Caregiving Means Caring For You As Well.

Caregiving Means Caring For You As Well.

The kind and loving commitment to being the primary caregiver for a loved one has rewards that are real and varied. At the same time, caregiver stress is, unfortunately, a part of life, especially when caring for someone with a chronic illness over an extended period of time.

In Australia, informal elder care is carried out overwhelmingly by women – mainly daughters and wives of the care recipient, in their peak working years of 35 to 54. A University of South Australia study found, 84.9% of working women will be caring for, or organising care for a loved one. Some will leave the workforce as care needs increase. The following article was written and published by the National Parkinson Foundation in US. It provides some practical advice for caregivers to help manage the stress and strain that can be associated with the generous act of caregiving.

To address caregiver fatigue, you and the people in your support network must be able to recognise the warning signs:

An ongoing tendency to ignore or postpone taking care of your own health needs

  • Growing feelings of isolation, expressed by, “Nobody knows or understands what is really going on with us.”
  • Feelings of anxiety and uncertainty about the future
  • Feelings of profound tiredness and exhaustion not relieved by sleep
  • Emotional strain/stress, often manifesting as varying physical symptoms
  • An inability to concentrate or make decisions

What Can I Do to Feel Better? We have all heard the advice on an airplane, “Put on your own oxygen mask first.” The same holds true for caregivers. By placing your own physical, medical and emotional needs on equal par with the person needing care, you may help prevent excessive stress, caregiver burnout and depression. First and foremost, you must recognise your own feelings. Be honest with yourself and others about your needs and what you think might help.

Speak up. Feelings of isolation can be alleviated by meeting with people who are in your situation and can understand your experiences. You aren’t alone. Getting help in the home when needed can help you manage and give you a little bit of rest. If you think that friends have stopped coming to visit or that family members are not supportive in the ways you need, have the courage to speak up. They may not realise how you feel.

Accept help. Harbouring resentment when you need more help can increase stress and lead to burnout. Make a short list of specific tasks that would help you take better care of your loved one and get some much-needed support. For example, could another family member or friend come every other Tuesday and provide you with a break? If you do not feel comfortable asking directly for help, you will have the list ready when concerned friends and family members ask what they can do. Be honest simple things like collecting medications or groceries can help.

Manage your stress. Identify stress triggers along with ways to help control your emotions. Try writing in a journal or going for a walk when tension reaches a breaking point. If the stress triggers are unavoidable, you need reliable ways to reduce and manage them. No method is too silly if it works! Make a coping skills checklist. For example:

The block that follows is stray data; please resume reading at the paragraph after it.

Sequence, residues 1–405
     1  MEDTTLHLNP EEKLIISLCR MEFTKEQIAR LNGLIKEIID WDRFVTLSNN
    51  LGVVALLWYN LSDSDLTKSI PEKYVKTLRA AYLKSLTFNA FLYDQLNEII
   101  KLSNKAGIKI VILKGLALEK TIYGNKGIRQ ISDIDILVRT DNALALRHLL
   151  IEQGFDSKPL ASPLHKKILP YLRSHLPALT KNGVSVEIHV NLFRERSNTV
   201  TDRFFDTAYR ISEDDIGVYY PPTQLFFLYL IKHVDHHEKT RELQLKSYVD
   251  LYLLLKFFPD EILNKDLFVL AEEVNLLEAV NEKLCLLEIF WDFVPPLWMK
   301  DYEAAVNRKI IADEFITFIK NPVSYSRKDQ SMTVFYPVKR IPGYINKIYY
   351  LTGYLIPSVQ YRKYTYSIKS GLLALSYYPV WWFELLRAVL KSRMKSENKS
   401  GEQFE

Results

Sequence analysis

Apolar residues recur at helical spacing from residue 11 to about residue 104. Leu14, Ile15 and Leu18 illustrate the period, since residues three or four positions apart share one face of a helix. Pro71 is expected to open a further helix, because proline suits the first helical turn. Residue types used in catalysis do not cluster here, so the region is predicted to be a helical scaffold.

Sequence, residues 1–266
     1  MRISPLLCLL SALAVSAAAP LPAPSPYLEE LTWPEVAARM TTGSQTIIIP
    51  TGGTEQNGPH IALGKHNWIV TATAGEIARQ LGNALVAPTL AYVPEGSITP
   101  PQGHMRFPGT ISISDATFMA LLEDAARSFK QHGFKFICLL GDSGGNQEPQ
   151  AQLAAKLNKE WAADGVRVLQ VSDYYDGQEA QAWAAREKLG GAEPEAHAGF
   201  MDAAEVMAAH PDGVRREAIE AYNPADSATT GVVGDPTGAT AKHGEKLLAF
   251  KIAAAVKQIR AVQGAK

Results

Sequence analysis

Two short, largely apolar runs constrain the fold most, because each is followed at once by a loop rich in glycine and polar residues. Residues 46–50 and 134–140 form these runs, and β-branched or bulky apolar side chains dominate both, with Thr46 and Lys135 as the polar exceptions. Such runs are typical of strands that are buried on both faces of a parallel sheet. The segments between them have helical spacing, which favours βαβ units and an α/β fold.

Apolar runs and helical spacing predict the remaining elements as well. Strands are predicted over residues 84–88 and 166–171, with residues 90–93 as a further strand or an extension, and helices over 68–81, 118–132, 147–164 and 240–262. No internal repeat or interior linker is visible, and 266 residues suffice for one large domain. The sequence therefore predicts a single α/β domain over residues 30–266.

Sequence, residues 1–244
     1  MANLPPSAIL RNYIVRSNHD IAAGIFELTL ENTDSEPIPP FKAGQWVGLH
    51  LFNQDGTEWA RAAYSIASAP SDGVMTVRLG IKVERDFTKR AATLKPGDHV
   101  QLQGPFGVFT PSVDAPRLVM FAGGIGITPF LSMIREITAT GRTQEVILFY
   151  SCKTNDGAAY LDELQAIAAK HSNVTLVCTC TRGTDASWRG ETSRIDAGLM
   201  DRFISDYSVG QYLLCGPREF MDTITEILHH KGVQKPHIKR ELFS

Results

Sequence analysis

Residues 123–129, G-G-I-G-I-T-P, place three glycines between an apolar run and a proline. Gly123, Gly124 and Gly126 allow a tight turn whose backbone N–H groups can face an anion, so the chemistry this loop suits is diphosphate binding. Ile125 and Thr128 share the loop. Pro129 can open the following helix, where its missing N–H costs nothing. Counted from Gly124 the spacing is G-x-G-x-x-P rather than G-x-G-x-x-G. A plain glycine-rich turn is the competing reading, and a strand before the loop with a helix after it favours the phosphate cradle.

Take 10 deep breaths

  • Call a friend
  • Get a massage
  • Watch your favorite TV show
  • Exercise
  • Tend the garden
  • Add as many tools as you like or need, and keep the list handy so you can turn to it whenever the tension starts to build.

Get professional help if you need it. Do not feel embarrassed to seek professional help or counseling. A social worker, psychologist or psychiatrist can help you pinpoint the causes of your distress and provide constructive ways to cope with the situation.

Be open with family and friends. Call a meeting with key family members and friends to candidly discuss what’s happening with you and the person you are caring for. If geography is an obstacle, use technology to bridge distances. Try free video conferencing services to hold family meetings at times that work for everyone. It is important for you to share your feelings and for family and friends to understand the situation from your point of view.

Simple questions to help understand your stress

Answer the following questions “yes” or “no”:

  1. Do you get six hours of uninterrupted sleep most nights?
  2. Have you set aside a period of time alone every day?
  3. Is there someone you could/would phone if a problem arose any time day or night?
  4. Does at least one other person fully understand the day-to-day trials you experience?
  5. Do you take regular planned breaks and mini-holidays away from caregiving responsibilities?
  6. The answer to all the questions above should be “yes.” If you answered “no” to any questions, it may be time to try and find extra support.

Your Caregiving Action Plan

Small steps can make a big difference. Answer these questions truthfully.

One small change I can make today that is just for me:


Two steps I will take in the next month to simplify my schedule or add joy to my life:



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